July 22nd, 1941
Her slender fingers trailed across the woven canvas, mentally comparing the textures. She paused and turned halfway, her eyes resting on a canvas she had missed before. It leaned on its side, against the dark wooden chest filled with an assortment of paintbrushes. She carefully slid the canvas towards her, sizing it up and finally deciding that it was just right. Her creamy white eyelet skirt swirled in the wind as she made her way to the next table, her steps light and eager. The quietest smile whispered across her face as she drank in the sight of the huge display of paints. Every color one could imagine was there amongst the tiny silver tubes and dark wooden pallets. A larger selection than usual she noted, as her hands snaked around a set of blue-greens.
After nearly an hour of self indulgence she slipped through the open market, her purchases tucked neatly into her satchel. A withering old woman, her skin dark from exposure to the sun, and wrinkles deeply resembling a dried up grape, beckoned her over to her stall. Over the heads of the crowd she could barely make out the decrepit sign that declared that the stall sold fruits. There was hardly anyone nearby as she escaped the thickening crowd and reached the battered stall. The woman made a friendly gesture, perhaps an attempt at a smile, but it came out as more of a grimace.
Liadan smiled uncertainly at the old woman, before glancing down at the assortment of fruits. Her eyes were met with a vibrant orange gold, the citric fruit was glistening, sunlight reflecting off the mist most likely sprayed for preservation. She had not ventured into the market for actual food, rather for a few small trinkets and her paints, but now she couldn’t resist.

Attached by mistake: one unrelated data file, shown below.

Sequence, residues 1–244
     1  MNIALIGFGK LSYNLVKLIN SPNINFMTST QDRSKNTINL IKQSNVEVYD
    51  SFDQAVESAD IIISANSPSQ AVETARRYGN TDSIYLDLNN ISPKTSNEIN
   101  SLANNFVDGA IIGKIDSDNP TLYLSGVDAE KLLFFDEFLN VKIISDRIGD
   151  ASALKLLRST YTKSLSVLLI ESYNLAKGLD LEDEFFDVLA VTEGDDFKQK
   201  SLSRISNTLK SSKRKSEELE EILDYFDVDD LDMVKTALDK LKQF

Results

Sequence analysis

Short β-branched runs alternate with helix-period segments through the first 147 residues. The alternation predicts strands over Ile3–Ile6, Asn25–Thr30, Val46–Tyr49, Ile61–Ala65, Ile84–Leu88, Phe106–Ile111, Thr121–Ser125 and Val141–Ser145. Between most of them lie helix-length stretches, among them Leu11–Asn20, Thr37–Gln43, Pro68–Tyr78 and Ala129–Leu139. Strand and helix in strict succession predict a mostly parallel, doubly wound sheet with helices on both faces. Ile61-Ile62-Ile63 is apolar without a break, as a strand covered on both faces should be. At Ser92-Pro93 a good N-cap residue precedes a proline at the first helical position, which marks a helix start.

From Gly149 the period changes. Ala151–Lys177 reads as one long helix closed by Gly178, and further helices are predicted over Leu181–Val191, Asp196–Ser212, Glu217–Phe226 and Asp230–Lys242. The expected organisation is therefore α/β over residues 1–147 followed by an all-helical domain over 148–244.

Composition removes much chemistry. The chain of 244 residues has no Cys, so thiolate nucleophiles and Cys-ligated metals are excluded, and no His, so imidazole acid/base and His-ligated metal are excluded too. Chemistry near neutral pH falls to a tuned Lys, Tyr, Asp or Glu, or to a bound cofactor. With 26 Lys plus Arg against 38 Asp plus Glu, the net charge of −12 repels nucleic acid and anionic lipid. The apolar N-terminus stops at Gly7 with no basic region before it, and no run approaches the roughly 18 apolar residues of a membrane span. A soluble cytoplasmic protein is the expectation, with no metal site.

“How many would you like?” croaked the old woman, her eyes resting undeterred on Liadan’s face.
She could barely take her eyes off the inviting fruits, and hardly heard herself answering with a request for six. She hastily snapped open her satchel, scrounging through it only to drop a few coins into the waiting hand scarred with age. Her thin wrist reached out, her fingers closing around the woven basket that held the oranges. Her dark hair fell into her face as she mumbled a quiet thank you and turned to leave.
“Wait,” the sheer force in the command caused her to pause on her heel, slowly dragging her eyes to the old woman. She had not expected such a blunt demand, in fact she had marked the withering old woman down as rather feeble.
“Were you born on the summer solstice?’
“How did you know that?” she was puzzled, and confusion was written clearly across her face. There was a strange glint in the woman’s eyes, and suddenly she did not seem to be as old as she had first thought. Her complexion no longer seemed wrinkled, and her eyes glimmered with youth.
“This was meant for you,” a silver trinket was pressed into the palm of her hand, the cool surface tickling her sweaty palms. Her open palm swiveled up and into her line of sight for further inspection. It was a small silver charm that hung loosely from a thin chain. Embedded in the oval shaped charm, was a silvery gem, moonstone if she was not mistaken. Her hand clenched protectively around it, and she glanced up to thank the aging woman, only to realize she had vanished. The entire stall was bare, empty of the inviting fruit, devoid of even the simple sign declaring what was being sold. Deserted - as if the woman had never even been there. Liadan blinked her eyes rapidly, but to no avail. Her nimble fingers reached for the chain of the necklace, hesitating before draping it around her neck and fastening the clasp.